How-To: Ubuntu Server 18.04.01 (Bionic Beaver) on the Raspberry Pi 3 B+

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Over the last two years I got used to have small server at home. The first time I connected my old Pine64 to the net it was just because I wanted to see if I was able to do it. Later on came this web site, my private Gogs repository, and some other fun projects that I have been missing for the last months. Finally, I could not resist longer, and I ordered a new SoC to play with: a Raspberry Pi 3 B+.

The RasPi 3 B+ came out last march, but, despite more than three months have passed, the only Linux distributions that can be run on a RasPi 3 B+ out of the box are NOOBS and Raspbian, which are maintained by the Raspberry Pi.

But I wanted something more general to run on my new RasPi. And, coincidentally, a few days ago, Ubuntu 18.04.1, the first dot update for this LTS release… but still without official support for the RasPi 3 B+. Ubuntu also released the corresponding version of its Server flavor, which in my opinion is just wonderful to run on a RasPi.

Fortunately, there is a page on the Ubuntu website (https://wiki.ubuntu.com/ARM/RaspberryPi) on which it is explained how to adapt a “Classic” official build for the Raspberry Pi 2 B to run on the RasPi 3 B and the 3 B+. Unfortunately, these instructions seem not to be accurate enough: at least, I was not able to get my RasPi to boot by following them. So I started researching, trying, and finally, after a long while, I was able to get it to work (it would probably have taken less time and effort if I was not running the RasPi headless, only through an Ethernet cable, without a monitor or keyboard).

The instructions on how to get it done are the following:

  1. Grab the official build for the RasPi 2 B. I guess the contributed one for the RasPi 3 B would also do, but I wanted to start from an official release.

  2. Go to http://archive.raspberrypi.org/debian/pool/main/r/raspberrypi-firmware/ and grab all the .deb set of files corresponding to the latest date available, and also the matching firmware .tar.gz (or you can just click the links below). For me, those were:
  3. Write the Ubuntu Server 18.04.01 image to a micro SD card. Remember that you will need one that is at least 8 Gb!

  4. Mount the SD card on your favorite linux distro. You will see two partitions: system-boot and cloudimg-rootfs.

  5. Delete everything in the system-boot partition. Yes, do it, do not worry.

  6. Extract all the files in the boot directory of raspberrypi-firmware_1.20180703.orig.tar.gz to the system-boot partition of your micro SD.

  7. Copy all the .deb files to the /root directory of your RasPi (you will need root privileges!).

  8. Unmount the micro SD and put it into the RasPi.

  9. Connect your RasPi either your monitor and keyboard, or Ethernet cable (make sure you have a DHCP server sunning on the other end!). Be warned: wireless will not be working yet, mostly, because the drivers are still not installed. But we will come to it.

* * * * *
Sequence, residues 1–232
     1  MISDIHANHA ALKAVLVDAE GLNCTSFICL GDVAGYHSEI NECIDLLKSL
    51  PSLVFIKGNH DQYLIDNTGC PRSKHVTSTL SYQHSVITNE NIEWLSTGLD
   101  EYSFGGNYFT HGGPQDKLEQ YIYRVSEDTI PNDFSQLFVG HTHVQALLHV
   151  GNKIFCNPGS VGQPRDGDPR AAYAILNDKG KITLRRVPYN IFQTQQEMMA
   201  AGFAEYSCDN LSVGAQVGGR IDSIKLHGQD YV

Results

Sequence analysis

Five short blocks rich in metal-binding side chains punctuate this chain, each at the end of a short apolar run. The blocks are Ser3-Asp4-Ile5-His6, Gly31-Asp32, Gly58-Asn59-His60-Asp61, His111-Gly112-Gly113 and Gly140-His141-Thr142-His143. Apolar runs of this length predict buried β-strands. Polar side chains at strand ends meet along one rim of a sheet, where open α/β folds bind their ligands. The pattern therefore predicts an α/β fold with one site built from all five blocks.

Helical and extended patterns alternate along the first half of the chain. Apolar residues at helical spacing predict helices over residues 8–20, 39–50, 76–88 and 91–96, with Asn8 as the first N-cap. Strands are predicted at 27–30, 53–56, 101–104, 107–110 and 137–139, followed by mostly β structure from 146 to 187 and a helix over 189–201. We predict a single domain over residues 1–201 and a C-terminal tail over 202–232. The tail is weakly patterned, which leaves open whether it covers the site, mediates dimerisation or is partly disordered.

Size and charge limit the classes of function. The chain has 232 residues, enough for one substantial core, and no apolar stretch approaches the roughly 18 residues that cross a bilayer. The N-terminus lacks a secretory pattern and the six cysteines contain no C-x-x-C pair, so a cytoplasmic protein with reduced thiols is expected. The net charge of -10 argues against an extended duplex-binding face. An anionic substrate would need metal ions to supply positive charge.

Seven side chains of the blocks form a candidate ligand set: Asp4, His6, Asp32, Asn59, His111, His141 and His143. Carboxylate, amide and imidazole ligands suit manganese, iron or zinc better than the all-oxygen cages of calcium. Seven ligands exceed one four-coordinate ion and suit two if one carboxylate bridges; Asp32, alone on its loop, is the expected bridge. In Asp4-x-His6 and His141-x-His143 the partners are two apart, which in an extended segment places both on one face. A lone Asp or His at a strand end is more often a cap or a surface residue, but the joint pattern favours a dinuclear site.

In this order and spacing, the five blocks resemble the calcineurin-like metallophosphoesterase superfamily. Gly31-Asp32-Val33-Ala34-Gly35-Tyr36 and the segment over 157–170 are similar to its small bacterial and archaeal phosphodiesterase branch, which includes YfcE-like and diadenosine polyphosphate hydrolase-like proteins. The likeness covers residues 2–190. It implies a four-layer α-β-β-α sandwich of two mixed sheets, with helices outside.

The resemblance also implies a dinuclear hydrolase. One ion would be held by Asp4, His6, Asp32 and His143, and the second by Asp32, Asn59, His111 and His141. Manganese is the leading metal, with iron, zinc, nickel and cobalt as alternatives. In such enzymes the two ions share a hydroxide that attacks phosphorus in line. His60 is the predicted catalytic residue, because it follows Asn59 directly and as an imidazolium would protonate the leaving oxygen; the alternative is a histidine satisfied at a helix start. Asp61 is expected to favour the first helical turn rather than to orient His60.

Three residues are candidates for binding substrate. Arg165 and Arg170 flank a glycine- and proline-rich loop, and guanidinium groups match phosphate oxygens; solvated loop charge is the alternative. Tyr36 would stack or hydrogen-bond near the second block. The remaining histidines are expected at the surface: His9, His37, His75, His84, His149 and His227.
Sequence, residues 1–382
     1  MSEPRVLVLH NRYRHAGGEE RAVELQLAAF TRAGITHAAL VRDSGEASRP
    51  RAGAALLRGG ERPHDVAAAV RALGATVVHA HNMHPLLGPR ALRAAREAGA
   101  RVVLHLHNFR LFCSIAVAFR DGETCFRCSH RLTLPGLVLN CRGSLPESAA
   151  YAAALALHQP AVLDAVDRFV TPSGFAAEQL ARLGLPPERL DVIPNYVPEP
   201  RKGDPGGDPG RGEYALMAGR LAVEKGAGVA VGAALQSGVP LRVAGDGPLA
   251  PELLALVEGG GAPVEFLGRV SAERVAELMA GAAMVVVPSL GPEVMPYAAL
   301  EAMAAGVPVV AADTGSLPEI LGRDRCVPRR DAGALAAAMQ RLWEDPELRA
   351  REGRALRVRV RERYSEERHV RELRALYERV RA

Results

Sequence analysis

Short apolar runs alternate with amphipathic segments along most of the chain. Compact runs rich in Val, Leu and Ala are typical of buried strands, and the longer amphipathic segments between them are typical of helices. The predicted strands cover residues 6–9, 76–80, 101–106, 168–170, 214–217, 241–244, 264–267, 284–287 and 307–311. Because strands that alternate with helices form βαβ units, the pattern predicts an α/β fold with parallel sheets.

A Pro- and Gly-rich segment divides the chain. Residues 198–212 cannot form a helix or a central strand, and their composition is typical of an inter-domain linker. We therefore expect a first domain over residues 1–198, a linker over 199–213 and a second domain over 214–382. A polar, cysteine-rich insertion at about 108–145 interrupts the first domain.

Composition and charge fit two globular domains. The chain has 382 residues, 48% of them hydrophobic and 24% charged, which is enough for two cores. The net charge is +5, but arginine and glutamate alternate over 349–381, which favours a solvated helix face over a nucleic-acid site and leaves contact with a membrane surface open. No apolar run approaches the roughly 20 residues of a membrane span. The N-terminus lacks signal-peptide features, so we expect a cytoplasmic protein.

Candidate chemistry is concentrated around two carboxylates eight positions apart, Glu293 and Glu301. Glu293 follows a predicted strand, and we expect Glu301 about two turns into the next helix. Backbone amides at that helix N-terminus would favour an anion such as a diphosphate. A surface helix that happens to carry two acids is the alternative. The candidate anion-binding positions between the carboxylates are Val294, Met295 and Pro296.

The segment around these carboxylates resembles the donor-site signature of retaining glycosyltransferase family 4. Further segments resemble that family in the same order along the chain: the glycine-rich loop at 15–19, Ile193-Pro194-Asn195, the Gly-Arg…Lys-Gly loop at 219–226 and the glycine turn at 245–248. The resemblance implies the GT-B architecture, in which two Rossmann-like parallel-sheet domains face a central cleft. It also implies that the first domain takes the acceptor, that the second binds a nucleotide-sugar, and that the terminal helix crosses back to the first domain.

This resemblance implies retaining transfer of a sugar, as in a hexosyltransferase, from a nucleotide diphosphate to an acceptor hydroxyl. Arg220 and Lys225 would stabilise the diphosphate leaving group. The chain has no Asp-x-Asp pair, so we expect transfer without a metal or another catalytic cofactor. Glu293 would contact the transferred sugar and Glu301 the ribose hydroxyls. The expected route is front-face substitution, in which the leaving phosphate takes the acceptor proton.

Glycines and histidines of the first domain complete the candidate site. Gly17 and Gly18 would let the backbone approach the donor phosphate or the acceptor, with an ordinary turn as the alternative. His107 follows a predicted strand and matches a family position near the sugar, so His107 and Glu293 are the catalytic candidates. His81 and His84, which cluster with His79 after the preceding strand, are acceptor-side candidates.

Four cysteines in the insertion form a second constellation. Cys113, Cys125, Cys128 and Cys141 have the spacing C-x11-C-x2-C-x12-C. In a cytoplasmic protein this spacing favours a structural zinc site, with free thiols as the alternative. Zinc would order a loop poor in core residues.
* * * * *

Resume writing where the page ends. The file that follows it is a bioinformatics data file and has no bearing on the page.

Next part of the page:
10. Boot it!!

  11. Be patient! The first time it boots, the RasPi may need some time to set some things up before you can access it. If you plugged it into a monitor, you will probably be able to see progress. Else, if you are hardcore and are running it headless, your only indication is the green led: it might pause for some seconds, but it should be lit most of the time during the first 30 seconds or one minute. Also, you can monitor the logs of your DHCP server, and see when the RasPi grabs an IP address, and from there on, ping it and scan port 22 to see when it opens.

    If after a couple of minutes your RasPi has not booted, you can try to turn it on and remount the micro SD on your computer. If it managed past U-Boot and booted into Ubuntu, you will find journalctl’s logs under /[mount point]/cloudimg-rootfs/var/log/journal/. In this directory you will find another one, whose name consists in a long string of letters and digits. Go inside and use journalctl -D . to see the log. Hopefully, you will find something that tells you what went wrong.

  12. Log/ssh in!

  13. Uninstall all packages related with the RasPi 2 B. First of all, sudo -s to become root, then, use dpkg -l | grep raspi2 to see which ones are installed, and then, apt purge them!.

  14. Install all the .debs that you downloaded a while ago. Still being root, cd /root, and then dpkg -i *.deb (I think this last comment was like that… if not Google it!).

  15. Finally, the wireless. Just do as the Ubuntu page says. Or copy and paste these lines into your terminal:
    mkdir wifi-firmware
    cd wifi-firmware
    wget https://github.com/RPi-Distro/firmware-nonfree/raw/master/brcm/brcmfmac43455-sdio.bin
    wget https://github.com/RPi-Distro/firmware-nonfree/raw/master/brcm/brcmfmac43455-sdio.clm_blob
    wget https://github.com/RPi-Distro/firmware-nonfree/raw/master/brcm/brcmfmac43455-sdio.txt
    sudo cp *sdio* /lib/firmware/brcm/
    cd ..
    

Now your RasPi is almost ready to be used. You just need to customize the configuration to your liking. I would recommend:

  • Set your RasPi’s hostname, both in /etc/hostname and /etc/hosts (do not forget to add your hostname to the localhost line!).
  • Configuring your wireless network under /etc/netplan.
  • Setting your time zone and locales: dpkg-reconfigure tzdata and dpkg-reconfigure locales.
  • Install wpasupplicant, iw and wireless-tools to manage the wireless interface.
  • Apt-purging command-not-found… that thing makes me nervous!
  • Disable some services that you are not going to use: systemctl disable snapd.service, snapd.seeded.service, snapd.core-fixup.service, snapd.autoimport.service, …
  • Install the minimal build tools: apt install build-essential bison flex
  • Enable byobu
  • Am I forgetting something? Recommendations? Leave a comment!

Enjoy your RasPi!

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